Areas of interest: biogeography, forest ecology and restoration, population genetics, political ecology
Faculty Advisor: Susan Beatty
2013 - Demography and Genetic Diversity of the Endemic Tree Fern Cibotium chamissoi on O’ahu Island, Hawai’i: A Multi-Method Analysis of Population Dynamics, with Implications For Conservation
I am interested in tropical forest dynamics and restoration ecology at multiple scales, with an emphasis on applied conservation research. My dissertation focuses on the population dynamics of the endemic Hawaiian tree fern, Cibotium chamissoi, over five years and across several native to disturbed forest sites on Oahu island in Hawai'i. My methods of analysis include growth rate, mortality, and recruitment measurements, population genetics as assessed with microsatellites in a spatial context, a pilot experimental forest restoration trial, and semi-structured interviews with people involved in the commercial and private trade of tree ferns in Hawaii. I have worked as a natural resource technician for Army Natural Resources before completing my M.A. in Geography at University of Hawai'i at Manoa, and I have conducted exotic species eradication, predator control, rare plant monitoring and propagation, and other endangered species management activities. Although I have been conducting mostly physical geography research, I am also interested in human geography, especially political ecology, and the ways in which people interact with, interpret, re-define, and control the natural environment.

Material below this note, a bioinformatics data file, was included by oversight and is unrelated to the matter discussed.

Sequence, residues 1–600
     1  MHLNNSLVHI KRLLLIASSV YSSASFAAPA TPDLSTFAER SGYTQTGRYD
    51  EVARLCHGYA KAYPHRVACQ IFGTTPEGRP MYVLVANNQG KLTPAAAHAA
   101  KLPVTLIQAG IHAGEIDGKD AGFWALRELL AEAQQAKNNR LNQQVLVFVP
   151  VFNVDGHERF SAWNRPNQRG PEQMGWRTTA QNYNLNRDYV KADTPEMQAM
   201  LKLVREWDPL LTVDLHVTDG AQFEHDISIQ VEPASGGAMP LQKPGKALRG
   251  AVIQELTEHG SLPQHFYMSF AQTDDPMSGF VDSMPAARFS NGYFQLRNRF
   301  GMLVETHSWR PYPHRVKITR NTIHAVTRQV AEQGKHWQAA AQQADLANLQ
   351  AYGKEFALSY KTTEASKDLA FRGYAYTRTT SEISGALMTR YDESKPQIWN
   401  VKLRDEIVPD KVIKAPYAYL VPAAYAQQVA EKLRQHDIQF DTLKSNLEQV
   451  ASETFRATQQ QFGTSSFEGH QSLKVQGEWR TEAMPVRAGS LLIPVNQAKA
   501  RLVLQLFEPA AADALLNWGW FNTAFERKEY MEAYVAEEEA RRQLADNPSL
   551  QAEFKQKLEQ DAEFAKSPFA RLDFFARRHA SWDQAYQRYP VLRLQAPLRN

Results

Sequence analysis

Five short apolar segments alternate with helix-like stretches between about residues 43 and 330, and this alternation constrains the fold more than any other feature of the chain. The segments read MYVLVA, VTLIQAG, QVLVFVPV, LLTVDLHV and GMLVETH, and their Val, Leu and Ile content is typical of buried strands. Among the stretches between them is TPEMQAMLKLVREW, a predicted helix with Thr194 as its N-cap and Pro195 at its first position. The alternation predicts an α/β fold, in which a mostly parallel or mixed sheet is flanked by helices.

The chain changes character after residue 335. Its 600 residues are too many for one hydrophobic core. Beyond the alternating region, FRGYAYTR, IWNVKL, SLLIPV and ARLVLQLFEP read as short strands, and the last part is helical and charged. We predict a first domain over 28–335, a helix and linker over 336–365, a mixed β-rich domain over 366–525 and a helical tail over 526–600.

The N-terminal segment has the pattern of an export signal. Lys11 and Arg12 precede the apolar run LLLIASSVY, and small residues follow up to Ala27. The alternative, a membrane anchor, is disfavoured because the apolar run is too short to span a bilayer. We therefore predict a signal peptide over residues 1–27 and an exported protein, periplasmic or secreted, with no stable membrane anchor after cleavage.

Arcand, N. N. and T. A. Ranker. (2008). Conservation Biology. T. A. Ranker and C. H. Haufler (Eds), Biology and Evolution of Ferns and Lycophytes. Cambridge University Press: pp. 257-283.
Arcand, N., Kagawa, A.K., Sack, L. and Giambelluca, T.W. (2008). Scaling of frond form in Hawaiian tree fern Cibotium glaucum: compliance with global trends, and application for field estimation. Biotropica, 40 : 686-691.